Email Coroniquette: What ‘I Hope You’re Doing Well’ Really Means

Hi NY152, hope you are doing well. (Really though, Tom, we are all so glad to hear you and Rita are feeling better.) Photo: Vulture and Warner Bros.

In the early days of the coronavirus pandemic — which is to say three weeks ago — I started sending out emails that all opened with roughly the same line. Hi. Hope you are doing as well as one can be amidst [gestures at state of the world.] Only then would I begin to ask about the thing I actually wanted. If you received such an email and chuckled even a little bit, thank you. (I’m sorry that it wasn’t a special-just-for-you line and that you have to find out this way.) It signaled, I hope, that I wasn’t a heartless bitch out of touch with the fact that a merciless virus is killing people around the world and here I am sending emails about movies and memes and could your client do a 20-minute phone interview?

The wording has tightened since then, culled to just a “Hope you’re well!” or, in the case of email chains, a quick “Stay safe!” tossed in before my signature, which includes the cell phone number I’m hoping you’ll call so I can ask you my questions and you’ll tell me what I need to hear so I can continue doing my job. How ghoulish. Hope you’re well! How could anybody possibly be “well” right now? Setting aside whether you’re actually infected, the likelihood of your knowing somebody who is increases daily. Maybe there’s someone you care about who is working a high-risk essential job. Stay safe! As if you have much control over that. Last weekend, I got an email from my landlord’s son-in-law that my landlord had died of “COVID complications.” I had planned to email him Monday to settle some minor lease issues. Everything I try to type in response feels transactional and hollow.

Communication, though, is always about transaction. I’m reminded of this when I email a favorite college professor, Bonnie Urciuoli, who teaches linguistic anthropology. A lesson from an early day in her introductory course surfaces in my mind, one where we were learning about speech acts and the ways in which what we say doesn’t always mean what we’re saying. “It’s so hot in here,” Urciuoli said, asking us to explain what she meant. It could be, sure, a literal commentary on the temperature. But it could also mean, “Go open that window for me,” an indirect request. This, we’d later learn, is what philosopher J.L. Austin would categorize as a perlocutionary act, an instance where your speech is judged not on its literal content but on the response it garners. Something clicked into place in my head that day, and I left the classroom with my brain buzzing in the way that brains do that when you’re 18 and a basic discovery makes you reconsider every sentence you’ve ever uttered.

“When you start off an email with, ‘Hope you and your family are well,’ it’s not bogus,” Urciuoli said when I asked her about our new, seemingly obligatory catchphrases. “There’s a long history of work correspondence using formal greetings involving quasi-personal formulae such as ‘Dear —— or ‘Esteemed ——’ along with closings like ‘sincerely’ or ‘cordially.’” They’re signposts, things that guide us through polite conversations. Writing Hi, [so-and-so]. Hope you’re doing okay, opens up a dialogue, and it also tells the person you’re emailing that they’re about to engage with a person who understands the conventions of how to interact with another person.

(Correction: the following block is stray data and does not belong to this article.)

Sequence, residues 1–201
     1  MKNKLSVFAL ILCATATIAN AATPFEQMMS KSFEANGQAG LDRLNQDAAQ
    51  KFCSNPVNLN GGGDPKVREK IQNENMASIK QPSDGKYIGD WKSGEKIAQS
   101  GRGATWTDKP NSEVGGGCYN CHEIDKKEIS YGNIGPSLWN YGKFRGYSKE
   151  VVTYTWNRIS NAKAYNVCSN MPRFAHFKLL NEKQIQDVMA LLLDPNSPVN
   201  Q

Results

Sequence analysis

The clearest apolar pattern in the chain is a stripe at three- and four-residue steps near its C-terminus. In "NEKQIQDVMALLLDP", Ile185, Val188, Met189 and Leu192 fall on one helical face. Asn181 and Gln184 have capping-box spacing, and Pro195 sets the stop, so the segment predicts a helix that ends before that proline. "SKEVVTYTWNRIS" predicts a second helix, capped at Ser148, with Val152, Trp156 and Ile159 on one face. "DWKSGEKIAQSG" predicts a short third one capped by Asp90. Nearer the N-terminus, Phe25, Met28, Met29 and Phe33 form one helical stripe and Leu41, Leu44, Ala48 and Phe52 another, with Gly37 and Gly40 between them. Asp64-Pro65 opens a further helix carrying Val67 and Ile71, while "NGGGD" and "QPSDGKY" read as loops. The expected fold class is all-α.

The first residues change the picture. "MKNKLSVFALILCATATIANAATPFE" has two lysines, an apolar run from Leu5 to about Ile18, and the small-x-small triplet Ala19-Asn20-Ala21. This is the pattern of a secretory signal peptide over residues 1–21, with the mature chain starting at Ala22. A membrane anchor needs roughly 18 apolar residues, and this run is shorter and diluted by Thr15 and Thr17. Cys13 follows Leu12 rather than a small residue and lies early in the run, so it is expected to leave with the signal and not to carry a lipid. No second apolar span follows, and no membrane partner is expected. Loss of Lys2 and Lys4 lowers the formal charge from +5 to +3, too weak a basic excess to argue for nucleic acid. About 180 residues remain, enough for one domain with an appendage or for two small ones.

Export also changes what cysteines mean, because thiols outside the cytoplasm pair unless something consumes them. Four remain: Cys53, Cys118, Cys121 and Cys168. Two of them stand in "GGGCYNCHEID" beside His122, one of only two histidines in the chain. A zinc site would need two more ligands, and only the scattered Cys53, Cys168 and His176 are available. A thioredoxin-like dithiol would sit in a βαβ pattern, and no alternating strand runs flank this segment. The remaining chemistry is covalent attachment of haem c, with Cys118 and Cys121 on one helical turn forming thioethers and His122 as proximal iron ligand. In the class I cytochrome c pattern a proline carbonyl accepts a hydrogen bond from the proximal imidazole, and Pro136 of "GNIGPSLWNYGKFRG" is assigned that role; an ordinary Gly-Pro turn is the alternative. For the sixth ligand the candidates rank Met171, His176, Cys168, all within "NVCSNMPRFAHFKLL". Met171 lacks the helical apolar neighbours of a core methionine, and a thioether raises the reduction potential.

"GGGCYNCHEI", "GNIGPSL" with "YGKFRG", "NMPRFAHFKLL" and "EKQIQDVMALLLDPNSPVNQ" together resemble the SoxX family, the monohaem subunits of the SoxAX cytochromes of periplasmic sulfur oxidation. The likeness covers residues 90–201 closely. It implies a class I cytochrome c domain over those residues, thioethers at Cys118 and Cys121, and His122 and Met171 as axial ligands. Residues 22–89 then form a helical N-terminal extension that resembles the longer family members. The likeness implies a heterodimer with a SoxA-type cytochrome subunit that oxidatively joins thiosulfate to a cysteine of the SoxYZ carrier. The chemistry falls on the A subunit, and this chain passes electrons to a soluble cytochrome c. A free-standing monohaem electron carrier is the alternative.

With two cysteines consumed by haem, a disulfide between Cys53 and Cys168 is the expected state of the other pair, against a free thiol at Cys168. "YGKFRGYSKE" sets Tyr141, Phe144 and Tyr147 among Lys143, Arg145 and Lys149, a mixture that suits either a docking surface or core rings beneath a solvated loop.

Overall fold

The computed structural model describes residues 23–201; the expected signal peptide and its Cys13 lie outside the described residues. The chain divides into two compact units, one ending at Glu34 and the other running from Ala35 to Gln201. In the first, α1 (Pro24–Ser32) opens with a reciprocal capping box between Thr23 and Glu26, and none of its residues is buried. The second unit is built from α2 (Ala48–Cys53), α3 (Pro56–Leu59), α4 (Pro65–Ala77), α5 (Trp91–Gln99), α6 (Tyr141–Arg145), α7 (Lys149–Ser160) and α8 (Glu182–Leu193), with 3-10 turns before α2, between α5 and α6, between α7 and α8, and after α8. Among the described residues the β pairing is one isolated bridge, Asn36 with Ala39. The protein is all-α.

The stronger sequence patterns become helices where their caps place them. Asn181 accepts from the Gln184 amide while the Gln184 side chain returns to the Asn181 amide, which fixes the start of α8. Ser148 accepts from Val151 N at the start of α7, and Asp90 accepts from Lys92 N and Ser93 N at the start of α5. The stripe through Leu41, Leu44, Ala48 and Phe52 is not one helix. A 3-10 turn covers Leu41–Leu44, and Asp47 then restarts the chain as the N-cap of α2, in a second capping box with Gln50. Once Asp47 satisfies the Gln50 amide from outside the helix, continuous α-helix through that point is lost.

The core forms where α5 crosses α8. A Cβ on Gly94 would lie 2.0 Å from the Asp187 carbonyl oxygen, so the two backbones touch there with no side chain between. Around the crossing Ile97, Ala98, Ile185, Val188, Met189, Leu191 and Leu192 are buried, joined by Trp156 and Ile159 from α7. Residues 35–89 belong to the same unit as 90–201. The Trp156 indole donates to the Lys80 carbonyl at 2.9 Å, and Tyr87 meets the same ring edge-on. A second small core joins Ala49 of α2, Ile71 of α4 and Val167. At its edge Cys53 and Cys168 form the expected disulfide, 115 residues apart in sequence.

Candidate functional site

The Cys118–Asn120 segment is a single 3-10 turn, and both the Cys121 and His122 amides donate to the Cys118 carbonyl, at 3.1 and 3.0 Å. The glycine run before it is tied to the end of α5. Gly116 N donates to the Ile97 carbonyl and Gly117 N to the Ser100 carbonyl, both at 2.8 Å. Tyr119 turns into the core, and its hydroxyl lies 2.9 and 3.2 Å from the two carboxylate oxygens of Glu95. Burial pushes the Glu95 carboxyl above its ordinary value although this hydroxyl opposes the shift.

It’s all variation on form, a slightly tweaked version of the lines you were probably already using in your emails, modified for these markedly darker days. Urciuoli brought up another example for me to consider: the classic, “Hi, how are you?” question when you don’t actually give a damn about the answer. “If people respond by actually telling you how they are, they’d better keep it short unless you make it clear you want details,” Urciuoli said. You might call these lines small talk. Bronislaw Malinowski, often hailed as the father of modern anthropology and a man with a name I have always found very satisfying to write out in cursive, would call them “phatic communion.” “They signal that the channel is open and that you respect the person you’re writing to,” Urciuoli explained. And also, more important, that you know how to read the room.

“Not everyone is equally formulaic,” she added. “Some people do want those who work with or for them or do business with them to see them as caring, even if that really is pretty fake — think Michael of The Office.” And there is, of course, the very real possibility that the person you’re emailing with does genuinely care that you’re okay and doing well and staying sane and that you’ve got enough beans in your kitchen. But you’re not ever really going to know that for sure. “I really do hope you are well,’ I overemphasized in my email to Urciuoli. I meant it, but I was also reaching out after months without any communication between us. My last email dates to May 2019, when a linguistics term, “deixis,” made an appearance in a final round of the Scripps National Spelling Bee. Nearly a year later, here I am in her inbox asking for help. I said I hoped she was doing okay, but it’s not lost on me that I said it as a springboard to getting something for myself.

Unless we all agree to drop the perfunctory concern in every email, none of us can drop it. Otherwise, we run the risk of being seen as out of touch. Cruel. Cold. (Doubly so for women because, you know [gestures at state of the world.]) We’re all stuck adhering to coroniquette for the foreseeable future. Asking people about their wellness status so we can then ask them about other things. Be well. Stay safe. Here is what I really wanted to talk about.

Email Coroniquette: What ‘Hope You’re Well’ Really Means